Depending on which “world” you’re in, you’ll face different foes. Large insect-like creatures wander about stages to gobble you up, sharp blades will kill you upon contact, and even the plant life thinks you’re an easy meal. The former two adversaries are put to good use, with the creatures especially providing an unpredictable element. But the snapping plants feel like they’re only included to be cruel to the player. There were multiple times where I’d get to the end of a stage only to be chomped by a plant right by the door, and then I’d have to restart the whole level again. Maybe that’s a clever metaphor for the kind of agoraphobia that can develop from social anxiety, but in terms of gameplay it’s frustrating when they’re used like this, especially considering the high challenge most levels pose.
But this difficulty isn’t from the platforming itself. As noted, there isn’t a smoothness to the world navigation that would allow for a Super Meat Boy level of gameplay challenge. Instead it’s the fact that each area you’re plonked into is a little puzzle to unravel through experimentation, logic, and blind luck.
Special blocks will begin inverting their colour when triggered by a shift of polarity or by stepping on a switch, and knowing how the world will react to your movements becomes key to success. Each stage is quick to get through if you know what you’re doing, but most will take a while to figure out. Admittedly it would take less time if you could pan around each level and survey what lay ahead, but the sense of claustrophobia and anxiousness concerning the next leap you’re about to make wouldn’t be quite so palpable, I suppose.
But this is a rare example of where the theme marries up with the gameplay. For the most part the social anxiety element is only explored through vague or cryptic sentences written on the walls of each stage. It’s an almost superficial treatment of the subject, one where you see eyes watching you; but never feel as if you’re being scrutinized, where the soundtrack promises seclusion and chaos; but never stops droning on and loops the same tunes for hours on end. Sym is a game that tells you it’s about a terrible phobia, but doesn’t quite make good on that promise.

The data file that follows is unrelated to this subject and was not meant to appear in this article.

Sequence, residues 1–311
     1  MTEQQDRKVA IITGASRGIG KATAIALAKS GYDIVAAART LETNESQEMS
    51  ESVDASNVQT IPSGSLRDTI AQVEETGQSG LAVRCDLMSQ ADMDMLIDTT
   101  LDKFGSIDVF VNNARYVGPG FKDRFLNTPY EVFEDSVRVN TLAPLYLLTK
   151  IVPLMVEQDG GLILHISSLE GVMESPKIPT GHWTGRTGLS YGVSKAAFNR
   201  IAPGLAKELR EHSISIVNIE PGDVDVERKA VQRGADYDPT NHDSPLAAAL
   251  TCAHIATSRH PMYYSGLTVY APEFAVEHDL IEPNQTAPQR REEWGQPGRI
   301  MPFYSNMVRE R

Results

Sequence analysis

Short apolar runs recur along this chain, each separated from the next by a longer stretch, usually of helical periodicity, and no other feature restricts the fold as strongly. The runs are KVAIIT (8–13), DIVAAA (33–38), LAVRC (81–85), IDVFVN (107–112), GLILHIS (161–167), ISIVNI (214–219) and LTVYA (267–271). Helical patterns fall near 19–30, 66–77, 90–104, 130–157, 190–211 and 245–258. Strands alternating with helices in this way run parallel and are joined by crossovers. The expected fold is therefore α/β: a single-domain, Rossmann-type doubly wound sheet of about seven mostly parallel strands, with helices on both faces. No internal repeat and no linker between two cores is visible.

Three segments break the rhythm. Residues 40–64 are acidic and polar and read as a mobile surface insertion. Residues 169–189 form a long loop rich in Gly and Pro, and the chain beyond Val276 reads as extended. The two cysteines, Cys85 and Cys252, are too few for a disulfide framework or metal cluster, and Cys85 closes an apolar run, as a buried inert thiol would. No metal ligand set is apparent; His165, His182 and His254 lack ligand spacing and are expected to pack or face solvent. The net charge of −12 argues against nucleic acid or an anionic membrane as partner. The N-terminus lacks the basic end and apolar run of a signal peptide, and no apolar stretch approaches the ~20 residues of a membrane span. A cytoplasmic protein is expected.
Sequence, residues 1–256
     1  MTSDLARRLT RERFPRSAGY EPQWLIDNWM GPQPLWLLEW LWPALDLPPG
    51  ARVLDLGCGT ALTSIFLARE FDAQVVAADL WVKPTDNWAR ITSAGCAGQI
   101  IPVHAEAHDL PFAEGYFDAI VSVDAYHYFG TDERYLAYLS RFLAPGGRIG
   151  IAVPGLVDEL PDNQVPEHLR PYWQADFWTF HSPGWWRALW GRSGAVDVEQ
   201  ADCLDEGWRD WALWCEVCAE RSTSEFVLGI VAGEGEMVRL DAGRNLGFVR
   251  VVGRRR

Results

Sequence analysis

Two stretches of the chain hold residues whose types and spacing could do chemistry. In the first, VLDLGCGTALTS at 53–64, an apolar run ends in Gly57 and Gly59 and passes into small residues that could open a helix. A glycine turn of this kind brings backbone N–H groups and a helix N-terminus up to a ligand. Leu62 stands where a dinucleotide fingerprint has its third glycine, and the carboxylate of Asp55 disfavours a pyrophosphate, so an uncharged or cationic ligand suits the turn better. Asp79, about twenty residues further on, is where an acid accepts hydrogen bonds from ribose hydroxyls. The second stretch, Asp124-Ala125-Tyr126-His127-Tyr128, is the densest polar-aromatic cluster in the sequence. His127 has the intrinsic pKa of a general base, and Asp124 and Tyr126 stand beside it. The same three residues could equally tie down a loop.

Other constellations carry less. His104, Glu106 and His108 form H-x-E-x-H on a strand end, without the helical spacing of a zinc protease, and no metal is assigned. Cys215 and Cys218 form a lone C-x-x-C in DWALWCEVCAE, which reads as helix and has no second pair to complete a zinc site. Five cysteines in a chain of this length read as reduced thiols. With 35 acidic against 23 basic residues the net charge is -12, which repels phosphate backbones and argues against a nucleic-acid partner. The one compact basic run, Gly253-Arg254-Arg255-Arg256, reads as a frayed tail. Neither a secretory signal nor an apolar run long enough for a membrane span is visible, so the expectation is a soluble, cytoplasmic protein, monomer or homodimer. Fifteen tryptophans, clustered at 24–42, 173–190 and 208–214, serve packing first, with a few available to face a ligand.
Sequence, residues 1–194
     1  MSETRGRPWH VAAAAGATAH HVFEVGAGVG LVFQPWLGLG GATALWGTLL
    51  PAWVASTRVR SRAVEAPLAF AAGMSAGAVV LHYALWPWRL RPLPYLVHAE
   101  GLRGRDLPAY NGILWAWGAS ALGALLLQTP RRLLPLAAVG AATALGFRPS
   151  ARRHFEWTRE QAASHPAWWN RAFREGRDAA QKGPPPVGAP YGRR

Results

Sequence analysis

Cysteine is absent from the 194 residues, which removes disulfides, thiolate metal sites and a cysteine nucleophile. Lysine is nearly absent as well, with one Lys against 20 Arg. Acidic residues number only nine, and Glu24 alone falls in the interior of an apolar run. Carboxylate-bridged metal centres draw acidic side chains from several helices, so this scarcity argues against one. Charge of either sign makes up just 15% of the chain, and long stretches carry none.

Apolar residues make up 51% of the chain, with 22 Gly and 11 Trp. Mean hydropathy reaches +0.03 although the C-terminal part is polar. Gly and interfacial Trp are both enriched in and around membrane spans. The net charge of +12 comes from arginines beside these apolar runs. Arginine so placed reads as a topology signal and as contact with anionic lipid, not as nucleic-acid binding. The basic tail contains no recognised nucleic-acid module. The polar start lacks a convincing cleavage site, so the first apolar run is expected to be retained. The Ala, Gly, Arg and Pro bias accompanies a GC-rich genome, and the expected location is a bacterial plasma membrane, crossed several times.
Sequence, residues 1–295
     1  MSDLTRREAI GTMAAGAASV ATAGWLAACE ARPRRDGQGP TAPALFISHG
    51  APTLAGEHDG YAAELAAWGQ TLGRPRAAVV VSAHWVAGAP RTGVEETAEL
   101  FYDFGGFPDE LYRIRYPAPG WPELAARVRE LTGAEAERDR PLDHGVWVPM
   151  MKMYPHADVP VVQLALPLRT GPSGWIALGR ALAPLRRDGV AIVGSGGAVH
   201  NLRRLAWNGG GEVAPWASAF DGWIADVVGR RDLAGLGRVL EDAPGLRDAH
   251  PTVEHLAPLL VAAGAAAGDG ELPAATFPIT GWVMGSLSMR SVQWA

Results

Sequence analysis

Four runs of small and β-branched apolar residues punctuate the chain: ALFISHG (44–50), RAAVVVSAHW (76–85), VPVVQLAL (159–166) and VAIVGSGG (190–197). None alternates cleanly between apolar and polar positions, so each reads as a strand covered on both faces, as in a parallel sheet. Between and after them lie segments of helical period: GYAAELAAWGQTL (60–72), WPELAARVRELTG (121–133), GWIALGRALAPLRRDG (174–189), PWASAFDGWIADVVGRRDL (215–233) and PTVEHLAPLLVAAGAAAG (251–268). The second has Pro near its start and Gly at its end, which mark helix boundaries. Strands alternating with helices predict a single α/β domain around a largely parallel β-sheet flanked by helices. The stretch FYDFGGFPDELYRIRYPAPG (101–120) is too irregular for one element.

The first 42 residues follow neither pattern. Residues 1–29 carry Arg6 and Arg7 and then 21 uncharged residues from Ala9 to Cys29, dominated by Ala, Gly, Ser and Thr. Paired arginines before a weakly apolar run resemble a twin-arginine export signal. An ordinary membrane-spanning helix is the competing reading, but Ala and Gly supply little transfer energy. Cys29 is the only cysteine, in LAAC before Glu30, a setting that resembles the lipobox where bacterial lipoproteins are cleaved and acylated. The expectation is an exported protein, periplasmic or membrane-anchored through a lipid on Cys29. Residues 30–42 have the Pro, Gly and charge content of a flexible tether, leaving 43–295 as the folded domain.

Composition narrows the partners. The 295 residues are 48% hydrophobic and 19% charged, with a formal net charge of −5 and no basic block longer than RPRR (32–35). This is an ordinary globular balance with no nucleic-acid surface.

Actually there is another exception, and I think it might be the closest the game gets to brilliance. Sym comes with a level editor so you can construct your own stages, upload them to a public server, and have strangers play your levels. It has the potential to be a kind of group therapy, a safe space to make worlds for each other, instead of for ourselves, connecting with others rather than remaining solitary.
Making a level is wonderfully easy, with just a few clicks of the mouse allowing for pretty much anyone of any skill level to make their own world in minutes. But during its launch window Sym either doesn’t have a lot of stages available, or finding the good ones isn’t easy. The saving and uploading process is also a bit more fiddly than it needs to be.
So Sym might not be perfect then, but it’s a totally okay video game, and the fact that it’s ambitious gets it some brownie points too. This isn’t the new Braid, it’s not the next Limbo, but if you like puzzle platformers, and you’re prepared to be a little forgiving, then it might just tide you over until the next must-have atmospheric adventure is upon us.
Lots of ambition.
Level editor has potential.
Quite the challenge.
Lack of platforming finesse.
If you like puzzle platformers, and you're prepared to be a little forgiving, then it might just tide you over until the next must-have atmospheric adventure is upon us.